First-of-Its-Kind Intercomparison Study Highlights Needed Improvements in Atmospheric Models

Fridlind, A. M., NASA - Goddard Institute for Space Studies

General Circulation and Single Column Models/Parameterizations

Cloud Life Cycle, Cloud-Aerosol-Precipitation Interactions

Petch J, A Hill, L Davies, A Fridlind, C Jakob, Y Lin, S Xie, and P Zhu. 2013. "Evaluation of intercomparisons of four different types of model simulating TWP-ICE." Quarterly Journal of the Royal Meteorological Society, 140(680), 10.1002/qj.2192.


Using data gathered by ARM, scientists compared more than thirty models that simulate weather patterns and predict climate change to identify needed improvements.


Using data gathered by ARM, scientists compared more than thirty models that simulate weather patterns and predict climate change to identify needed improvements.

When it comes to determining the most accurate model to simulate real-world conditions, even scientists will shop and compare. How well atmospheric models in particular perform has been hotly contested across scientific disciplines. Now, in one of the largest regional-scale intercomparison projects conducted to date, an international team of researchers analyzed more than thirty models and identified changes that would improve the prediction of cloud properties, which are intimately connected with weather patterns and climate change.

The study, funded in large part by DOE’s Atmospheric System Research program and recently discussed in the Quarterly Journal of the Royal Meteorological Society, describes the spread and variation among the models, which fell into four main types:

  • single-column models, which focus on a narrow slice or column of the area being evaluated;
  • cloud-resolving models that study small-scale processes and physical feedback;
  • limited-area models used in regional weather prediction; and
  • global atmosphere models for predicting climate change.

Their analysis showed that cloud-resolving models were more likely to match real-world observations than the other types of models. Single-column models tended to perform the worst. Scientists also concluded that explicitly modeling convection based on real-world data rather than allowing the model to estimate it based on other parameters yielded the most accurate results.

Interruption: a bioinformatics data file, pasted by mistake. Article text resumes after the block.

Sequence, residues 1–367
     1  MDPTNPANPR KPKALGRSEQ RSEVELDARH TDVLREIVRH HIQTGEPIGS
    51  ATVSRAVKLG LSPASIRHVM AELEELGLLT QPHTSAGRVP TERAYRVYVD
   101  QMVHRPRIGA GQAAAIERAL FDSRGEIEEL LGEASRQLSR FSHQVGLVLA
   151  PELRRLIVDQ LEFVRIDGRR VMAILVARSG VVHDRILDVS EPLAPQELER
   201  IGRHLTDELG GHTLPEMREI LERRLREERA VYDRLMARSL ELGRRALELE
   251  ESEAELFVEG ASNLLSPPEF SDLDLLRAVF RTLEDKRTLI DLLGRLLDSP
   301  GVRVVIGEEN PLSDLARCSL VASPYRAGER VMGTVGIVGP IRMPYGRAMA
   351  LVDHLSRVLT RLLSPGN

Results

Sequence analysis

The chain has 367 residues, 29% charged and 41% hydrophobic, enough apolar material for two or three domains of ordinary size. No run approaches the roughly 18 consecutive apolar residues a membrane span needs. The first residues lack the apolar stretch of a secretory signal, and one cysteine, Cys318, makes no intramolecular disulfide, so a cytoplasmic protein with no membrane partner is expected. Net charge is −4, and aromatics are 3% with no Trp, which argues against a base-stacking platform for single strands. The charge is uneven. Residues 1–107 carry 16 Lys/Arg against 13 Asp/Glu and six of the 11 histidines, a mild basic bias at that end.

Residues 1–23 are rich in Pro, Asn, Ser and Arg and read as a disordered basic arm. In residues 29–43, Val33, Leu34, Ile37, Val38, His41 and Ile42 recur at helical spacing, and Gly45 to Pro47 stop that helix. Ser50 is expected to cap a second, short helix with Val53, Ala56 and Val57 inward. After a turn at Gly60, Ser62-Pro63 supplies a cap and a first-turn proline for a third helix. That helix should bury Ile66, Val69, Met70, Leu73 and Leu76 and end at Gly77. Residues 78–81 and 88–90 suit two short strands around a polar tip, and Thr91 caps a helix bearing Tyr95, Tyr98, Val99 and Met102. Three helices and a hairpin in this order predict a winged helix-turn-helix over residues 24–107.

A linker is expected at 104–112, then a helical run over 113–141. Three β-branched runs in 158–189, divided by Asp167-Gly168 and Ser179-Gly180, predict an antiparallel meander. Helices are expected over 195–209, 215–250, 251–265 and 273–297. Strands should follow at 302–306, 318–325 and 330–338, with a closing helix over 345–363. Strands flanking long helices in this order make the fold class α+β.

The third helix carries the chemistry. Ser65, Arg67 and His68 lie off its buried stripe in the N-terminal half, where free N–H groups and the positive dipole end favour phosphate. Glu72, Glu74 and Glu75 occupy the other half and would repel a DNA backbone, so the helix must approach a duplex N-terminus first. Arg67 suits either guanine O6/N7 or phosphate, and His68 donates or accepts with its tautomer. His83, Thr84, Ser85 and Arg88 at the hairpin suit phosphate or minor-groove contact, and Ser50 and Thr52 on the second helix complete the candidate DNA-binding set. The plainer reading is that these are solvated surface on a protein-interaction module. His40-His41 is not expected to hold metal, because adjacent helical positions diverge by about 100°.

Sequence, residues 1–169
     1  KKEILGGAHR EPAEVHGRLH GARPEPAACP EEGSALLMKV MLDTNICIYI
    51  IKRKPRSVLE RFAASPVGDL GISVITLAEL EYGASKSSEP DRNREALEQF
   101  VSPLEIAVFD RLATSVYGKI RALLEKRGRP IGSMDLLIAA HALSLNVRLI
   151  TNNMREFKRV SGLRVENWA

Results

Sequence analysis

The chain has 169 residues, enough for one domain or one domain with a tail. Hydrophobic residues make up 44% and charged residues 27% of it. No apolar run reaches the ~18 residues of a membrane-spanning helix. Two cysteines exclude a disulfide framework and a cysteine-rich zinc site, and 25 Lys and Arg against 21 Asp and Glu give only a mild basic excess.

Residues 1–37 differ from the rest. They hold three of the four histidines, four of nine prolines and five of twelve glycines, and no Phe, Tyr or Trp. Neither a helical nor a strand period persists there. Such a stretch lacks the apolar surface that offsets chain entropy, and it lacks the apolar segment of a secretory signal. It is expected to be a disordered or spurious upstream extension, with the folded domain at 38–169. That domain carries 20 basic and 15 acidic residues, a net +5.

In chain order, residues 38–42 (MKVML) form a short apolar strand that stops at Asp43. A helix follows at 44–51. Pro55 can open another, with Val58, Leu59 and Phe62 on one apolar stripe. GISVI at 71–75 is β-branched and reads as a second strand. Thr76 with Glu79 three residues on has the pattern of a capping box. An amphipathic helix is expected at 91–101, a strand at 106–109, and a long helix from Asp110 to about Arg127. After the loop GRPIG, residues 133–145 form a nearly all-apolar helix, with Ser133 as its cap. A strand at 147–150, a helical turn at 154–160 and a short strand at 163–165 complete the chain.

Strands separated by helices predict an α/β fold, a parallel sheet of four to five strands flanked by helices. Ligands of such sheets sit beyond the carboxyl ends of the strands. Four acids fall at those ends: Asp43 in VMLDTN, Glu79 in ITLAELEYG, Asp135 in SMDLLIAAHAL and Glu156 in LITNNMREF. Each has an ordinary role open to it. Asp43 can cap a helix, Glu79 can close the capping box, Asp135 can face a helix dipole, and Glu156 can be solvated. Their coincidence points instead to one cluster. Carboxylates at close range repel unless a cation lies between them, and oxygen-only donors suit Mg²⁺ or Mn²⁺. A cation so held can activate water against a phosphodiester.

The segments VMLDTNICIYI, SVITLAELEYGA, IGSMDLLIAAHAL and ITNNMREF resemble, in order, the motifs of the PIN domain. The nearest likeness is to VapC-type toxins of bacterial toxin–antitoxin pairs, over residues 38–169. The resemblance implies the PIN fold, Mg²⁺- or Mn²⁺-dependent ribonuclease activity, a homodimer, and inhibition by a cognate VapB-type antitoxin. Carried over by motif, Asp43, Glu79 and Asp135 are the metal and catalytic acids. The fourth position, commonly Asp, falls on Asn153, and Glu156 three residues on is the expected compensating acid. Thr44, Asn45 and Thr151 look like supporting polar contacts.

The work built on four previous journal articles (two highlighted by Fridlind and Lin) that explained the results of applying each of the four types to the same data set, using information gathered from the Tropical Warm Pool-International Cloud Experiment (TWP-ICE), conducted in early 2006.

TWP-ICE was an intense international airborne measurement campaign conducted in and around Darwin, Northern Australia, where the U.S. Department of Energy’s Atmospheric Radiation Measurement (ARM) Climate Research Facility maintains a heavily instrumented atmospheric observatory. During the campaign, atmospheric sounding balloons were released continuously every three hours at land and ship-based locations around Darwin’s coastal location, with multiple surface stations also deployed to measure conditions. TWP-ICE aimed to describe the properties of tropical cirrus clouds and the convection that leads to their formation.

"A field campaign of this kind provides an ideal test bed for evaluating models," said Jon Petch, head of the UK Met Office’s Science Partnerships, who led the team of researchers comparing the models on behalf of the Global Atmospheric System Studies’ World Climate Research Programme project. "Because the same high-quality data had been used by all models, differences and similarities in model performance were all the more evident."

Based on the intercomparisons of the models, institutions developing weather and climate models around the world will be able to pinpoint issues and improve how models represent tropical clouds, resulting in more accurate predictions of weather and climate change.